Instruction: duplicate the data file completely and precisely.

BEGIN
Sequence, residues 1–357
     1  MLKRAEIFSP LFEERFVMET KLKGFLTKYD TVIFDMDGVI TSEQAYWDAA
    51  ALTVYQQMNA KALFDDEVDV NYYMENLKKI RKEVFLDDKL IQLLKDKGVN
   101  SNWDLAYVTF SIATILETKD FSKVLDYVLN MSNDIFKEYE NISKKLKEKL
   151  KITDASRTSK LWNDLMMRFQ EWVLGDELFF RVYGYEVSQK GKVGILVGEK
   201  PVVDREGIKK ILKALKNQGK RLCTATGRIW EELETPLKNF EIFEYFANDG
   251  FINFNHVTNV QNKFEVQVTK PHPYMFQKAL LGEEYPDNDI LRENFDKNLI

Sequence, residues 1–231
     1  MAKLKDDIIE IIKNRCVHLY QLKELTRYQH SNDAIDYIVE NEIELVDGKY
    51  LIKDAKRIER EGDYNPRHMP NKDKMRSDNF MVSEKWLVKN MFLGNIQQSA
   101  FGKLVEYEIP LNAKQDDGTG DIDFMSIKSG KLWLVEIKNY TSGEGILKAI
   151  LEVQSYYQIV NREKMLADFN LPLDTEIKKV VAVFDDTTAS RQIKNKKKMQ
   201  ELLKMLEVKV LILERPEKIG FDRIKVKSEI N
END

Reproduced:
Sequence, residues 1–357
     1  MLKRAEIFSP LFEERFVMET KLKGFLTKYD TVIFDMDGVI TSEQAYWDAA
    51  ALTVYQQMNA KALFDDEVDV NYYMENLKKI RKEVFLDDKL IQLLKDKGVN
   101  SNWDLAYVTF SIATILETKD FSKVLDYVLN MSNDIFKEYE NISKKLKEKL
   151  KITDASRTSK LWNDLMMRFQ EWVLGDELFF RVYGYEVSQK GKVGILVGEK
   201  PVVDREGIKK ILKALKNQGK RLCTATGRIW EELETPLKNF EIFEYFANDG
   251  FINFNHVTNV QNKFEVQVTK PHPYMFQKAL LGEEYPDNDI LRENFDKNLI

Sequence, residues 1–231
     1  MAKLKDDIIE IIKNRCVHLY QLKELTRYQH SNDAIDYIVE NEIELVDGKY
    51  LIKDAKRIER EGDYNPRHMP NKDKMRSDNF MVSEKWLVKN MFLGNIQQSA
   101  FGKLVEYEIP LNAKQDDGTG DIDFMSIKSG KLWLVEIKNY TSGEGILKAI
   151  LEVQSYYQIV NREKMLADFN LPLDTEIKKV VAVFDDTTAS RQIKNKKKMQ
   201  ELLKMLEVKV LILERPEKIG FDRIKVKSEI N